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Gregg J. Stark Indianapolis DUI Attorney Gregg J. Stark Indianapolis DUI Attorney

New Law Advantages For Habitual Offense Allegations

Prior to July of this year, draconian criminal penalties and license suspension repercussions in Indiana could often derail the livelihoods of otherwise productive people dealing with recurrent alcohol and/or drug dependency issues.

In the form of Habitual Offense penalties, those dealing with alcoholism and drug addictions in many forms were too often left to the compelled sanction of mandatory loss of licenses for life and/or incarceration at the expense of tailored sentencing that meets the challenges of curbing underlying addictions.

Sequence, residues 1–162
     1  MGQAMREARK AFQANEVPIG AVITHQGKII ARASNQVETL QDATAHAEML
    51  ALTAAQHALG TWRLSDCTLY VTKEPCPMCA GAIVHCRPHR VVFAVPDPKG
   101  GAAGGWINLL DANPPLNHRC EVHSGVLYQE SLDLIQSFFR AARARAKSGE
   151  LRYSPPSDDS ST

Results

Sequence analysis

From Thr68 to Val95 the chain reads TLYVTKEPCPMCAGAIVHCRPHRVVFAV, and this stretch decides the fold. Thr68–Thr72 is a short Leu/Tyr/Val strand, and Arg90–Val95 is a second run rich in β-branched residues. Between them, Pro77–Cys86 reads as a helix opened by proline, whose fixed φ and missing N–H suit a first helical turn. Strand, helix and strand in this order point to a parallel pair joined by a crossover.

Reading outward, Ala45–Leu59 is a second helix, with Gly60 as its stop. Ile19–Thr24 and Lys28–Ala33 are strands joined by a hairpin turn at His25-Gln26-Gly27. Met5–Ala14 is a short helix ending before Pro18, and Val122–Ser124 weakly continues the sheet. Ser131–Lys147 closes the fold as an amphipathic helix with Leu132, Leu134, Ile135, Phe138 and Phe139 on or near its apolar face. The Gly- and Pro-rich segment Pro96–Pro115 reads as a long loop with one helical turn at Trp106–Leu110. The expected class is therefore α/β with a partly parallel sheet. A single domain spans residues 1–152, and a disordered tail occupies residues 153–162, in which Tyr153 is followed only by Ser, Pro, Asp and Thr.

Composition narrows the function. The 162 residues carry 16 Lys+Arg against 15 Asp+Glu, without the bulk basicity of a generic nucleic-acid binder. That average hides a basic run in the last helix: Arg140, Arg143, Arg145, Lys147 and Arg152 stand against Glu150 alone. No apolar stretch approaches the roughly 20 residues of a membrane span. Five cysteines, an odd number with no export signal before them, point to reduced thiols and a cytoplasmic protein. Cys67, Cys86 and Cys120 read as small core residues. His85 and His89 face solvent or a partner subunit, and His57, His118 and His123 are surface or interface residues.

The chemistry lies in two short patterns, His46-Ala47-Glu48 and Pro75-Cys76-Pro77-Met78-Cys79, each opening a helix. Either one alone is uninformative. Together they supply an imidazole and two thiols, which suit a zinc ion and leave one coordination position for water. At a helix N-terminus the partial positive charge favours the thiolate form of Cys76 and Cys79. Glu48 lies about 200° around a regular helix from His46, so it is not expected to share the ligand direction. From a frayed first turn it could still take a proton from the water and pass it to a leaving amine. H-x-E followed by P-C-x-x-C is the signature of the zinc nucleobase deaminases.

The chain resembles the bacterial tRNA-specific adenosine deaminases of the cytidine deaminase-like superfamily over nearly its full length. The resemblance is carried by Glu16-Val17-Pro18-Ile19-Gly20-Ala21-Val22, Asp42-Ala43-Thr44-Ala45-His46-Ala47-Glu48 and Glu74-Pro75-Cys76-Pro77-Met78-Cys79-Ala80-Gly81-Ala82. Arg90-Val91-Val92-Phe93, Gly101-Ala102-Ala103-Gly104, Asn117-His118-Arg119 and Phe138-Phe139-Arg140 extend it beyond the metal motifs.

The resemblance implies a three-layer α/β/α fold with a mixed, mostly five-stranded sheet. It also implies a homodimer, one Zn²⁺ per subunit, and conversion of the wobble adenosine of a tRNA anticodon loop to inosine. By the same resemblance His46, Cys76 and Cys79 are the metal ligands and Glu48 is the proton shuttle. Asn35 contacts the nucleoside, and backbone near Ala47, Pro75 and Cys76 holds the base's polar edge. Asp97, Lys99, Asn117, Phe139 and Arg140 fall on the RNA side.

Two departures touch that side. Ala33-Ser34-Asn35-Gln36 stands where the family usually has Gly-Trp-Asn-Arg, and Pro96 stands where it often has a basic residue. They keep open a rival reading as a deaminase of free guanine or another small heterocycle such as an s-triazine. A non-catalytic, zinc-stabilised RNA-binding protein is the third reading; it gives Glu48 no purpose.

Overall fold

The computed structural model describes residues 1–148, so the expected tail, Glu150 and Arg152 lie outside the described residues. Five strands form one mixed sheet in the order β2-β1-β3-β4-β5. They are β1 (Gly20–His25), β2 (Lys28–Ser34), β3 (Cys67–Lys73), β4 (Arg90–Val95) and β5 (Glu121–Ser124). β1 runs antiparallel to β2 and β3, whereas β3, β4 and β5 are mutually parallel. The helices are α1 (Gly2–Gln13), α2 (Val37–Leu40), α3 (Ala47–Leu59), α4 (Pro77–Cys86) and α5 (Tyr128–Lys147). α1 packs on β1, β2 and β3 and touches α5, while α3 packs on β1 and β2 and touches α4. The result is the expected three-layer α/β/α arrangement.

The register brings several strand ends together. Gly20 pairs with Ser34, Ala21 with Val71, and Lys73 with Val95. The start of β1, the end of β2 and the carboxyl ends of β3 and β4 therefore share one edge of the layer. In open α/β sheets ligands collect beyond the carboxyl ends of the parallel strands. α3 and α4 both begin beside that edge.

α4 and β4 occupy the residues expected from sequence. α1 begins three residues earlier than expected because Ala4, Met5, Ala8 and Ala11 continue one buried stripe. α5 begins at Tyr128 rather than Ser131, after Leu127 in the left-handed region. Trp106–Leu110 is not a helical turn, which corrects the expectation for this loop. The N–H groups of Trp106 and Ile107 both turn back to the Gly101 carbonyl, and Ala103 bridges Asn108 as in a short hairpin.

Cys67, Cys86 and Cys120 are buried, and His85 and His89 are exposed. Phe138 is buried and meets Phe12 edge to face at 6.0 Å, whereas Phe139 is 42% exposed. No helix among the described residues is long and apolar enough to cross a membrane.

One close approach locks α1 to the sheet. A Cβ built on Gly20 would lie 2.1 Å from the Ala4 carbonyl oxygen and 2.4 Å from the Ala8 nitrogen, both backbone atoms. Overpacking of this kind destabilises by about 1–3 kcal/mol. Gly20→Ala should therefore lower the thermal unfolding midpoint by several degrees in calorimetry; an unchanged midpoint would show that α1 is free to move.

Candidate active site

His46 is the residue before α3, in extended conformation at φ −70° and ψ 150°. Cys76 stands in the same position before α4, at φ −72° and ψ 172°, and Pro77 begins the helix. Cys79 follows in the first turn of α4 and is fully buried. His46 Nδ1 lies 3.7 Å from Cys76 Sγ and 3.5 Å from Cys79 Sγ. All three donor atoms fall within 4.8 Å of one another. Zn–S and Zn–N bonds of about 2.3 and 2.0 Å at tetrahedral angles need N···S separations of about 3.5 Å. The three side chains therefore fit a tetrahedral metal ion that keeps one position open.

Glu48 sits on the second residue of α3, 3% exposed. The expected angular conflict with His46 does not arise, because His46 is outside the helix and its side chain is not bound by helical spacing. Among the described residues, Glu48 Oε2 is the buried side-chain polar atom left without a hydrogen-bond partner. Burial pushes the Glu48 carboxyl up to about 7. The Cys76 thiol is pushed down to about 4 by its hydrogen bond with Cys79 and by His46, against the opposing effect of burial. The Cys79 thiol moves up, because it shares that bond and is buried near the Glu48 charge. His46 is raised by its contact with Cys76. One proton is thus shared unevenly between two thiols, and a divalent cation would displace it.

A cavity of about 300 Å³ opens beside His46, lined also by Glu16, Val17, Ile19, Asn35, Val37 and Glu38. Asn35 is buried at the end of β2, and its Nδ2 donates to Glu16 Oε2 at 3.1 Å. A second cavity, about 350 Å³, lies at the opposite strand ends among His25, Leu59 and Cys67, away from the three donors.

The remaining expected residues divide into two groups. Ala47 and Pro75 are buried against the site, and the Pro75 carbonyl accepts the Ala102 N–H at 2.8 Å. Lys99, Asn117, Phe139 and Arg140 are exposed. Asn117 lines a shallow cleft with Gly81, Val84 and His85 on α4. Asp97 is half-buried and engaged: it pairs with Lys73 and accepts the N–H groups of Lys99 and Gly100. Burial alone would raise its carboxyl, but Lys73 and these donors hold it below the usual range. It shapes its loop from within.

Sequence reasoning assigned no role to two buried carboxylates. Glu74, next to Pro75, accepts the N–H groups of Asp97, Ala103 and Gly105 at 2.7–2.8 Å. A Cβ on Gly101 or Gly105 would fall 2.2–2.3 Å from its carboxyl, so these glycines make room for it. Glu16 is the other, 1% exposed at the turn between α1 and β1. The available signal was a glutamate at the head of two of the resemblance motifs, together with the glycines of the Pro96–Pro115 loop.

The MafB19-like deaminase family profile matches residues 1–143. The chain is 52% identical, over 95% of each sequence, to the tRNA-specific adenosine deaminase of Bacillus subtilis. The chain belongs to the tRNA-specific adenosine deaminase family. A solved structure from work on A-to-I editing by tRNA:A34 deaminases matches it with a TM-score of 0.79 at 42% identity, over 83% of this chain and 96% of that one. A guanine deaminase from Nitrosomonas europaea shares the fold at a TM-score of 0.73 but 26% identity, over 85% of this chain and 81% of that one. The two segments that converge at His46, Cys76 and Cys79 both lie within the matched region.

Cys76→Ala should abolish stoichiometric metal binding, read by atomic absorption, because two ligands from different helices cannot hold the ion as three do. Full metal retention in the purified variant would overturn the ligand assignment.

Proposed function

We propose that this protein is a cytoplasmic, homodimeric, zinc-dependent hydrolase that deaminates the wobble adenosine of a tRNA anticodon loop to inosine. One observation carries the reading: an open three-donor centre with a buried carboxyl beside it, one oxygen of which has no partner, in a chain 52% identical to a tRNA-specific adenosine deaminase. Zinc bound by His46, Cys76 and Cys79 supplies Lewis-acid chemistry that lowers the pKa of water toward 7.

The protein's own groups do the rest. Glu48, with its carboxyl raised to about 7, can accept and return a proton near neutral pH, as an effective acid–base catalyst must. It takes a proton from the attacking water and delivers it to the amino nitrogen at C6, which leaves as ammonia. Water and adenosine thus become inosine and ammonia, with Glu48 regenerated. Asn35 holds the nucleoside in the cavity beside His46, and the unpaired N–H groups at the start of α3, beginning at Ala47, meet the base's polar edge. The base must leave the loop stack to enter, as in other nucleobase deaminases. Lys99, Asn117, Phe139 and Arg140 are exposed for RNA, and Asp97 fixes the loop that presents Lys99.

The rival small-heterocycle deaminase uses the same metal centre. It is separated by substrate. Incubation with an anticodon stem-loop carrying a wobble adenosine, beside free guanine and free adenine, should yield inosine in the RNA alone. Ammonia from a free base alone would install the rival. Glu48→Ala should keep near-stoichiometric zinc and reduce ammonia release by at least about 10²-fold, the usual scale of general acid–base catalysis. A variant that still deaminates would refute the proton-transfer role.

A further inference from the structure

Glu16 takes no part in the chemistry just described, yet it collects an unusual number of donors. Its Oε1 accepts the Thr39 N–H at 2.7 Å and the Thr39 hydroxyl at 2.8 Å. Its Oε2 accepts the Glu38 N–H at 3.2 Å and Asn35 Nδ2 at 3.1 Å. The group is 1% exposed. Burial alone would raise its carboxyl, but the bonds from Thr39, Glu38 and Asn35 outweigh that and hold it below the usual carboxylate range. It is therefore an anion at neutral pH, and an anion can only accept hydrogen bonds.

As to habitual license suspensions, far too many gainfully employed individuals who have turned their lives around have had little option but to drive to support a family or otherwise meet the challenges and requirements of the daily obligations of life. On the one hand we punish individuals for failing to maintain child support obligations or castigate them for becoming government dependent yet have uniformly failed to recognize the critical importance that driving has become in terms of fulfilling such societal obligations within our daily lives.

For such individuals who have been caught driving while adjudged a habitual offender, lifetime license suspensions have become a burden the likes of which have often compelled criminal conduct in the form of knowingly driving while suspended. Both rural and urban communities in Indiana are far too frequently under served by meaningful forms of public transportation. For individuals residing within such communities, the laws in this state formerly provided little light at the end of the tunnel to allow for licenses to be restored even where dramatic turnarounds in one’s life circumstances have been achieved.